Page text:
Prenatal and newborn immunoglobulin levels from mother-child pairs and risk of autism spectrum disorders. / Grether, Judith K.; Ashwood, Paul; Van de Water, Judith A; Yolken, Robert H.; Anderson, Meredith C.; Torres, Anthony R.; Westover, Jonna B.; Sweeten, Thayne; Hansen, Robin L; Kharrazi, Martin; Croen, Lisa A.

In: Frontiers in Neuroscience, Vol. 10, No. MAY, 218, 2016.

Research output: Contribution to journalArticle

Grether, Judith K. ; Ashwood, Paul ; Van de Water, Judith A ; Yolken, Robert H. ; Anderson, Meredith C. ; Torres, Anthony R. ; Westover, Jonna B. ; Sweeten, Thayne ; Hansen, Robin L ; Kharrazi, Martin ; Croen, Lisa A. / Prenatal and newborn immunoglobulin levels from mother-child pairs and risk of autism spectrum disorders. In: Frontiers in Neuroscience. 2016 ; Vol. 10, No. MAY.
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AU - Yolken, Robert H.

AU - Anderson, Meredith C.

AU - Torres, Anthony R.

AU - Westover, Jonna B.

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AU - Hansen, Robin L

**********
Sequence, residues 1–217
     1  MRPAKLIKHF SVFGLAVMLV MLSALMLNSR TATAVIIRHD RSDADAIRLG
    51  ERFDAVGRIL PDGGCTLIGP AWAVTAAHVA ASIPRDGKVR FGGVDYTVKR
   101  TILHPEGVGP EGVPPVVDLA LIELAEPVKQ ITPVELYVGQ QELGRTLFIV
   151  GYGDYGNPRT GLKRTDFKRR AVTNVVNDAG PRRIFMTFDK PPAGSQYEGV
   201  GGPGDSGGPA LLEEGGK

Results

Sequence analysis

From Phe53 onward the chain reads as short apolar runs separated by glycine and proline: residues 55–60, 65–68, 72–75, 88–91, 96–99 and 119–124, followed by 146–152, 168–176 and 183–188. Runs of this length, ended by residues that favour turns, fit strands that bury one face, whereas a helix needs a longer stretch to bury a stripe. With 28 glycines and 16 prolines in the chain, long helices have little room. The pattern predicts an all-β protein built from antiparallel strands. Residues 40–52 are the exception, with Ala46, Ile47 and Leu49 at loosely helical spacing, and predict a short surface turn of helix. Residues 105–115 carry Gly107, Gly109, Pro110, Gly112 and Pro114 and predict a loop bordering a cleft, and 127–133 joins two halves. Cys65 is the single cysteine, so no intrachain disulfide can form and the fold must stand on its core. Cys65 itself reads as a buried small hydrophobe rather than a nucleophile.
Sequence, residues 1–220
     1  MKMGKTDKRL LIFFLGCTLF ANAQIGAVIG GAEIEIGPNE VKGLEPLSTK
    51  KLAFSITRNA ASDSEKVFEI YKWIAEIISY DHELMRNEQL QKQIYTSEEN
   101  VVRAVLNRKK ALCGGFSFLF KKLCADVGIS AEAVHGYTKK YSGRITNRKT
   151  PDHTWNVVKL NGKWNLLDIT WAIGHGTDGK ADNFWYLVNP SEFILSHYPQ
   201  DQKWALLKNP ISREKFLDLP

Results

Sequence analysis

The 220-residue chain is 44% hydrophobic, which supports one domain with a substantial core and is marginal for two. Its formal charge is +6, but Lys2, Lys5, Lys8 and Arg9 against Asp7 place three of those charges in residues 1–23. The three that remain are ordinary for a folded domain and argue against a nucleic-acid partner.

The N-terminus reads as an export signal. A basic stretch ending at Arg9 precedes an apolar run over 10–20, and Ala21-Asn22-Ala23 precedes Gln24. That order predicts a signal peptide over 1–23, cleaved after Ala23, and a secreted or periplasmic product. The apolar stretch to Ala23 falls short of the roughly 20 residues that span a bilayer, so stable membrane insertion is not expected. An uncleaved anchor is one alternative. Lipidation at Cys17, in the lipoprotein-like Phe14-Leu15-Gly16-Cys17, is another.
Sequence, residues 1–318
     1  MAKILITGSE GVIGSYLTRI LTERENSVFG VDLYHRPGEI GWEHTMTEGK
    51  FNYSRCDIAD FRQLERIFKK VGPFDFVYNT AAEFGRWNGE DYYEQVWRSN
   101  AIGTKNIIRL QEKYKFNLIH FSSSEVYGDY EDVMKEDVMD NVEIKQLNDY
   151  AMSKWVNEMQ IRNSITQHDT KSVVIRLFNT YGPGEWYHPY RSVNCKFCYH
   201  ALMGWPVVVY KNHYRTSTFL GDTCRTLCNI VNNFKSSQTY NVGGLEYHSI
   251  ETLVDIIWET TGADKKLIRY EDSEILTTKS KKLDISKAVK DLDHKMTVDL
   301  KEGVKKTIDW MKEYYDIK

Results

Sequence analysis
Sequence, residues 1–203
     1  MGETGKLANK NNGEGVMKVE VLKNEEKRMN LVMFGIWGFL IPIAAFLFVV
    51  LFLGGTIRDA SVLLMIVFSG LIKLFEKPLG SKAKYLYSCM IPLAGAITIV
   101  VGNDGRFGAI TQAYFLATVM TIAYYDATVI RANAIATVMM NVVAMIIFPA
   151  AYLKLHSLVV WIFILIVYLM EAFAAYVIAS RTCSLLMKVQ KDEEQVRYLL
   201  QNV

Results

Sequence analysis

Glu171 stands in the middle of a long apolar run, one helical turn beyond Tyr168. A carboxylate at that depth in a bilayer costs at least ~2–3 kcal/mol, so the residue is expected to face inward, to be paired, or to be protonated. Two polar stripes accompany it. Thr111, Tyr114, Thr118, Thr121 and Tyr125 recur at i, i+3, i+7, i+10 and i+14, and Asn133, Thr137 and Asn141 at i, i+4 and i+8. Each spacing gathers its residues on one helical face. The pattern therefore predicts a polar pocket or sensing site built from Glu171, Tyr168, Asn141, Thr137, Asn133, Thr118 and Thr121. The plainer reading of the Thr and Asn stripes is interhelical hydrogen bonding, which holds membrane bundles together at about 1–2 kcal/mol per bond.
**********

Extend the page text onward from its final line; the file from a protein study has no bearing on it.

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AB - Background: An etiological role for immune factors operating during early brain development in children with autism spectrum disorders (ASD) has not yet been established. A major obstacle has been the lack of early biologic specimens that can be linked to later diagnosis. In a prior study, we found lower risk of ASD associated with higher levels of maternally-derived total IgG and Toxoplasmosis gondii (Toxo) IgG in newborn blood spot specimens from children later diagnosed with ASD compared to population controls. Methods: We obtained maternal mid-gestational serum specimens and newborn screening blood spots from the California Genetics Disease Screening Program (GDSP) for linked mother-baby pairs for 84 children with ASD and 49 children with developmental delay but not ASD (DD) identified from California Department of Developmental Services records and for 159 population controls sampled from birth certificates. Immunoglobulin levels in maternal and newborn specimens were measured by solid phase immunoassays and analyzed in logistic regression models for total IgG, total IgM, and Toxo IgG, and, for maternal specimens only, Toxo IgM. Correlations between maternal and newborn ranked values were evaluated. Results: In both maternal and newborn specimens, we found significantly lower risk of ASD associated with higher levels of Toxo IgG. In addition, point estimates for all comparisons were < 1.0 suggesting an overall pattern of lower immunoglobulin levels associated with higher ASD risk but most did not reach statistical significance. We did not find differences in maternal or newborn specimens comparing children with DD to controls. Discussion: These results are consistent with evidence from our prior study and other published reports indicating that immune factors during early neurodevelopment may be etiologically relevant to ASD. Lowered immunoglobulin levels may represent suboptimal function of the maternal immune system or reduced maternal exposure to common infectious agents. Conclusion: Patterns seen in these selected immunoglobulins may provide clues to mechanisms of early abnormalities in neurodevelopment contributing to ASD. We recommend further study of immunoglobulin profiles in larger samples of linked mother-baby pairs to evaluate possible etiologic relevance.